First of all, despite the initial paraphraph in Andy aka's answer, your use of 9.81 m/s^2 is correct (if not well explained): You correctly converted your sensor's output noise amplitude from voltage units to the corresponding noise amplitude in acceleration units. Where you seem to be stuck is how to make sense of it.

To use the output of your accelerometer, you will pass it through some kind of (likely digital) filter or other algorithm. After all, the direct output is an instantaneous acceleration where, as you calculated, the noise alone means any individual value on its own will typically be off by 4 mm/s^2 and hence larger than the deceleration due to the drag you are interested in. So how much can you lower this noise by making more than one measurement?

The most obvious thing would be to average measurements, but that may be more difficult than it sounds, unless you can guarantee that your sensor is always perfectly aligned with the motion of your satellite. However, it is something that can be calculated relatively easily, without referring to things you'll learn later in aerospace engineering. But since it should interest you, let me at least drop the keywords: I'm thinking about sensor fusion and Kalman filtering.

So let's hypothetically say you have one full orbit to determine your acceleration value (this won't work in practice due to sensor drift, see the next paragraph). Essentially, you will be integrating (or averaging) your sensor output. The noise level you will see depends on what the actual, frequency-dependent noise is after taking into account only the frequencies that pass through your (integrating or averaging) filter. Andy aka's answer tells you the answer for one specific case assuming you have white (frequency-independent) noise and a specific frequency cut-off value. A better prediction will take the frequency-dependence of the noise into account. Just remember to calculate in what makes physical sense, noise power (the squares of noise amplitude), and only convert to what makes sense to us electrical engineers after you're done calculating/filtering/integrating. That way you'll likely get the right result immediately and conveniently avoid having to ask "what is root-Hz, and how do you calculate with it." At sub-Hz frequencies, the frequency dependence of your noise will almost certainly be 1/f noise, and your accelerometer datasheet may actually list a value for it.

Now for the caveat: Your frequency range for using an entire orbit for averaging, sub-mHz, is so low that the noise will probably have an even worse frequency dependence than 1/f. Because it's just too slow to measure conveniently, engineers often invent other names for it, talking about drift instead. Of concern is both the kind of drift that a theoretical scientist might prefer to call some worse-than-1/f-noise and that induced by environmental factors like temperature changes. Have a look at what all of this does in your application (the relevant figures are likely specified in your accelerometer's datasheet as worst-case limits for temperature-output coupling and longterm drift). If you're clever, you may find ways to custom design an algorithm (or complicated nonlinear filter) that removes part of the drift by comparing "coming" and "going" parts of the orbit, or rotating the sensor to be in and then opposed to the direction of motion. At some point, knowing something about Kalman filters may help...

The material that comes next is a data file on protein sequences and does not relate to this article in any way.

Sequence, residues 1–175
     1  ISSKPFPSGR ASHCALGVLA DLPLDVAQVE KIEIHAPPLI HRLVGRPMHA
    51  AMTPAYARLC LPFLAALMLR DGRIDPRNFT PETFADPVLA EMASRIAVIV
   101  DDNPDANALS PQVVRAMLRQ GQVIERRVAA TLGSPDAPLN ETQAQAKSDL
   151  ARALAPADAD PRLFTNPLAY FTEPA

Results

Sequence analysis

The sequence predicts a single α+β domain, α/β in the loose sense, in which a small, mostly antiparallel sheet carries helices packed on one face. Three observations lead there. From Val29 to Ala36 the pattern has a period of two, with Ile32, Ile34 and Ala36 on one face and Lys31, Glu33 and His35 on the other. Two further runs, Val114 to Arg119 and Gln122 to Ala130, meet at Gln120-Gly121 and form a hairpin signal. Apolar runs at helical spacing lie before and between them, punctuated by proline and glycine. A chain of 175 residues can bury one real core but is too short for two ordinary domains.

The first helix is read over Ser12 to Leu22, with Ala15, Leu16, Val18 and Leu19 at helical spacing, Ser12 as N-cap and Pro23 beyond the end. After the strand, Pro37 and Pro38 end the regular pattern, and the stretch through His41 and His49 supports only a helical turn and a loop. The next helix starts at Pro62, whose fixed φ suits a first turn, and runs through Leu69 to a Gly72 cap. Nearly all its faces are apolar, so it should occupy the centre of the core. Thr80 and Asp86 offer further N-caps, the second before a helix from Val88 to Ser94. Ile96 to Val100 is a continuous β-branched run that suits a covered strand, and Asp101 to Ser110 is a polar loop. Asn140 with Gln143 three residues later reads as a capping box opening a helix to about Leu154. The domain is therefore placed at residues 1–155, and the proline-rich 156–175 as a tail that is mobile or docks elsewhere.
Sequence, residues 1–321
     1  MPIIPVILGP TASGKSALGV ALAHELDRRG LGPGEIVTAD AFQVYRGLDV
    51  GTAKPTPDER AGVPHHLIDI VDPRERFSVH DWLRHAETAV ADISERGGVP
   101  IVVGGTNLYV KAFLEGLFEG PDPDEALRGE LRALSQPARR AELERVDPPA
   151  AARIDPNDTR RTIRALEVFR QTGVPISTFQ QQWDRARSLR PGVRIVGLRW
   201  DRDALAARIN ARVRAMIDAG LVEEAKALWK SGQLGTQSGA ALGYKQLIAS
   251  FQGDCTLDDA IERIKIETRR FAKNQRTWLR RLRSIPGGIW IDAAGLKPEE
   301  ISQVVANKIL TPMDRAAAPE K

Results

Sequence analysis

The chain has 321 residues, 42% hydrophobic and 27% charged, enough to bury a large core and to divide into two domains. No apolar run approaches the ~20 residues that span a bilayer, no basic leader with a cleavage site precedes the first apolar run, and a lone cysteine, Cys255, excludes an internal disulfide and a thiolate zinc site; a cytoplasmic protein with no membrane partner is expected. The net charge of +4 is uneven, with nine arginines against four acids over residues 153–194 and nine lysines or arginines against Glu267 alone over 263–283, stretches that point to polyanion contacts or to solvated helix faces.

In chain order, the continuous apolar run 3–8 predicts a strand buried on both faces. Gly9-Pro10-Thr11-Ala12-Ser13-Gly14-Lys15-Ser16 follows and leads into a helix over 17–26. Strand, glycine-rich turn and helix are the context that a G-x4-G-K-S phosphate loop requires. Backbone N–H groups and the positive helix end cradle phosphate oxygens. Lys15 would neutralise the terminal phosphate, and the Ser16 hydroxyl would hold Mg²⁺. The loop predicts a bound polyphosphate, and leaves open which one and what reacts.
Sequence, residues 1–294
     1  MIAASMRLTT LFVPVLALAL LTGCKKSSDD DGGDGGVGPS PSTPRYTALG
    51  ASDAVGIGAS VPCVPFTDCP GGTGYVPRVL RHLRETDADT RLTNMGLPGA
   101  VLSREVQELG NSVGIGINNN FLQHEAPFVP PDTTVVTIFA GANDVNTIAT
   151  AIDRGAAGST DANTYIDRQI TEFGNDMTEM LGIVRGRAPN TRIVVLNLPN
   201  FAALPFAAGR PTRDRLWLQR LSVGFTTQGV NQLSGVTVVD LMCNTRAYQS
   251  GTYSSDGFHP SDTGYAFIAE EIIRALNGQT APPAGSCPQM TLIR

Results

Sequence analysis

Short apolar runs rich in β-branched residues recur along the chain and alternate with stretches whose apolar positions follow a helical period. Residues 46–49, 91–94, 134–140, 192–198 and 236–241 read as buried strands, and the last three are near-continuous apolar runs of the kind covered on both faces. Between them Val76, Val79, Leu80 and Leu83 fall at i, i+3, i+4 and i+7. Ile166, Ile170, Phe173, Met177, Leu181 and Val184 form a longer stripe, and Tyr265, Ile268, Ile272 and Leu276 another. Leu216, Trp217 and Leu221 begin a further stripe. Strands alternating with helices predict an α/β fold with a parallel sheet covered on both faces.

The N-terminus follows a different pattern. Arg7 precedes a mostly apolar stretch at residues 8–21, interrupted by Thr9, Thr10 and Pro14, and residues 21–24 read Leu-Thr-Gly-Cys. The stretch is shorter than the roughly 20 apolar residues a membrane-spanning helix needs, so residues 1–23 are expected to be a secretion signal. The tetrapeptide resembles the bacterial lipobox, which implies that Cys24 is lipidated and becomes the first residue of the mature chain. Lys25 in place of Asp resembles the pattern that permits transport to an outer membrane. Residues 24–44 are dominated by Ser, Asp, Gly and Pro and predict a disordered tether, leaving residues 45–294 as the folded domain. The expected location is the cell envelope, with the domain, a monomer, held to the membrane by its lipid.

The sensor specifies its noise in terms of the input signal (acceleration), so the first thing you need to do is convert that to equivalent voltage noise, taking into account the gain settings you're using in the sensor and the interface circuitry.

The signal power in a series of normally-distributed samples is equal to the variance, which is the square of the standard deviation (sigma, σ). However, the numbers in your simulation represent voltages (or currents), not power. Therefore, you want to set σ equal to the equivalent noise voltage you calculated above, and then add these numbers to your simulated acceleration signal.

## Best Answer

The accelerometer has a digital interface. It's fairly unlikely that you are looking at electrical noise or interference, and you're looking at accelerations that the device is experiencing. You should make an effort to put some numbers in real units on your Y-axis to figure out how large the accelerations are.